3. With approval of the proper agency, plan and implement a fishery conservation project. Contact the local district biologist at your state fish and wildlife agency, go to the International Association of Fish and Wildlife Agencies Web site at www.iafwa.org and click on "Download State Directors Directory." Document your project with pictures and/or acknowledgment from the agency managing the waterway.

Option B - Fly Fishing

a. Catching and cooking
1. Catch two different species of fish using a fly-fishing outfit.
2. Learn the proper technique to release fish and release at least one fish, ensuring that it will recover, and safely swim away.
3. Catch another fish, which you will clean, cook, and eat. Study and note several cleaning and cooking options.
4. Present to the youth in your crew, another Scouting unit, or a youth group your experience in releasing fish and the cleaning and cooking of fish. Discuss the contrasting experiences.
b. Learn and teach the following to someone else:
1. Explain the difference between a dry fly, wet fly, streamer, nymph, and bass bugs or poppers. Describe the benefits of each type and where and how one might be better for certain fishing situations.
2. Study and explain how to match rod, reel, line, and leader to develop a balanced outfit. Explain how to select the right outfit for various fishing situations. Understand the makeup of fly lines and teach the advantages of weight-forward lines versus double-taper lines. Identify and explain the various types of lines and their advantages (floating, sink-tip, and sinking lines).
3. Teach how to properly play a fish under several situations, recognizing that fish exhaustion is critical to catch-and-release survival.
4. Study and present the use of basic fishing knots, making sure you can teach at a minimum:
Tie each knot with ease and explain how it is used.
5. Show how to cast. Demonstrate casting skills, explaining proper grip, casting arc, how to "load" the rod, and how to present the fly. Demonstrate various ways to make effective casts using targets. Learn safety measures needed to ensure safe casting.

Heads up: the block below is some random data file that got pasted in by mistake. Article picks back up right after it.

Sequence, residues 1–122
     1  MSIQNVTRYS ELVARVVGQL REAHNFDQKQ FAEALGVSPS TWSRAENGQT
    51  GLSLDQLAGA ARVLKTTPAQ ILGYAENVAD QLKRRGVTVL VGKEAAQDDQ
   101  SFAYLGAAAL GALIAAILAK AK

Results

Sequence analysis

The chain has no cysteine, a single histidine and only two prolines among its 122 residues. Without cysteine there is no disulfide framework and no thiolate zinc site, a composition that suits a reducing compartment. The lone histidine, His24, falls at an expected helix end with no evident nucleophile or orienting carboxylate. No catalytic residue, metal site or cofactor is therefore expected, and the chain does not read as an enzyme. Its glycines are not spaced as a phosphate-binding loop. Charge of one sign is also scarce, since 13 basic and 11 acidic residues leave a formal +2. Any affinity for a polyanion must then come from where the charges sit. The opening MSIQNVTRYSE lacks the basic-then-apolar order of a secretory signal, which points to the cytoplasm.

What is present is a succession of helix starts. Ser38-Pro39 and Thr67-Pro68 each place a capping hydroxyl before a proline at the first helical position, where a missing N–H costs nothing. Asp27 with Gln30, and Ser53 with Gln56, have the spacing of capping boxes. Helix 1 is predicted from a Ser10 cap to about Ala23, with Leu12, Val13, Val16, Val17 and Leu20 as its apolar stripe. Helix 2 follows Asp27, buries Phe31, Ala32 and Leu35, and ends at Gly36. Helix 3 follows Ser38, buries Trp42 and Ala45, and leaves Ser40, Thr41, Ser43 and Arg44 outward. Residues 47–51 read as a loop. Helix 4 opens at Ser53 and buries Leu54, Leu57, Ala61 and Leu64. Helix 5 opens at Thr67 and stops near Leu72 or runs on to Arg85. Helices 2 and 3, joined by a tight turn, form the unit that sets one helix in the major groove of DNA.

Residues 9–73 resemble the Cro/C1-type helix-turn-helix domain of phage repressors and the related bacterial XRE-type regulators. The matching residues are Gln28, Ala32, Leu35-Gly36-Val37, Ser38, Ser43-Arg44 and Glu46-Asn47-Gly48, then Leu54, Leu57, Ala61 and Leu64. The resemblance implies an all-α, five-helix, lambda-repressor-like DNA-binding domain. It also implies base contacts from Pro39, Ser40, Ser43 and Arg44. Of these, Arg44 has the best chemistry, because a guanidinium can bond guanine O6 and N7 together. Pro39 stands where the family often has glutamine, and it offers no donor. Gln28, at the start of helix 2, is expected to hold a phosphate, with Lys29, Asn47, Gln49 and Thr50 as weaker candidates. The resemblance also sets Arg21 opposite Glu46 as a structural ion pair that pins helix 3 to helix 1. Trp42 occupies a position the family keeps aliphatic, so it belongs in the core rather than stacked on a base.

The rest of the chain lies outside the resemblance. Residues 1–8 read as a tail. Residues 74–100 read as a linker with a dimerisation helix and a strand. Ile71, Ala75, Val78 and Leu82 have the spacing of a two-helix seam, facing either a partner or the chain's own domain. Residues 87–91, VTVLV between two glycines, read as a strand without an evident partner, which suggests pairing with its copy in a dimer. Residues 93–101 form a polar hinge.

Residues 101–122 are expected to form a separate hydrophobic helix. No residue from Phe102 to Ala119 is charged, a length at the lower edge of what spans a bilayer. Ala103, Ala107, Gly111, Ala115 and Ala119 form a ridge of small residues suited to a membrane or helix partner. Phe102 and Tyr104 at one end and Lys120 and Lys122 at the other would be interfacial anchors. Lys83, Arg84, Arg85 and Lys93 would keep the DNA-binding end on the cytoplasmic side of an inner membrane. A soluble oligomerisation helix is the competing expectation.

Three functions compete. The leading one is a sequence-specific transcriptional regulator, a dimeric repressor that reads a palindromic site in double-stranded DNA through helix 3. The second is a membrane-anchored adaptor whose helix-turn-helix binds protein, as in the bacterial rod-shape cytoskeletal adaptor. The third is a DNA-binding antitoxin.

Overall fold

c. Do ONE of the following:
1. Build a fly rod of your choice.
2. Tie SIX flies (nymph, wet fly, dry fly, and/or streamer) and explain how each pattern is used to imitate what fish eat.
3. With approval of the proper agency, plan and implement a fishery conservation project. Contact the local district biologist at your state fish and wildlife agency, go to the International Association of Fish and Wildlife Agencies Web site at www.iafwa.org and click on "Download State Directors Directory." Document your project with pictures and/or acknowledgment from the agency managing the waterway.

Option C - Salt Water

a. Catching and cooking
1. Catch two different species of fish by surf fishing, casting from a boat, and/or trolling, using proper equipment.
2. Learn the proper technique to release fish and release at least one fish, ensuring that it will recover, and safely swim away.
3. Catch another fish, which you will clean, cook, and eat. Study and note several cleaning and cooking options.
4. Present to the youth in your crew, another Scouting unit, or a youth group your experience in releasing fish and the cleaning and cooking of fish. Discuss the contrasting experiences.
b. Learn and teach the following to someone else:
1. Explain the difference between surf fishing, casting from a boat, and trolling from a boat. Describe the benefits of each type and where and how one might be better for certain fishing situations.
2. Study and explain how a reel drag should be used. Teach the proper use and function of drag settings.
3. Teach how to properly play a fish under several situations.
4. Study and present the use of basic fishing knots, making sure you can teach at a minimum:
Tie each knot with ease and explain how it is used.
Requirement 9. If you live in a coastal state, become familiar with the saltwater fishing laws, regulations, and license requirements for your state. If you live in an inland state, become familiar with the saltwater fishing laws, regulations, and license requirements for a coastal state of your choice.
Requirement 10. Do ONE of the following:
a. Build a fishing rod of your choice.
b. Design and make several fishing lures and explain the fish attracting principle of each lure.
c. With approval of the proper agency, plan and implement a fishery conservation project. Contact the local district biologist at your state fish and wildlife agency, go to the International Association of Fish and Wildlife Agencies Web site at www.iafwa.org and click on "Download State Directors Directory." Document your project with pictures and/or acknowledgment from the agency managing the waterway.


The official source for the information shown in this article or section is:
Venturer Handbook, 2006 Edition (BSA Supply No. 33494)

The text of these requirements is locked and can only be edited
by an administrator.
Please note any errors found in the above requirements on this article's Talk Page.


Notes

Requirement resources

7. Presentation resources:

8. Options b.4.:

Related awards

The Fishing Ranger Award Elective is very similar to Fishing and Fly Fishing Merit Badges.

Sports-related awards

Hobby-related awards


See also

Venturing portal




External links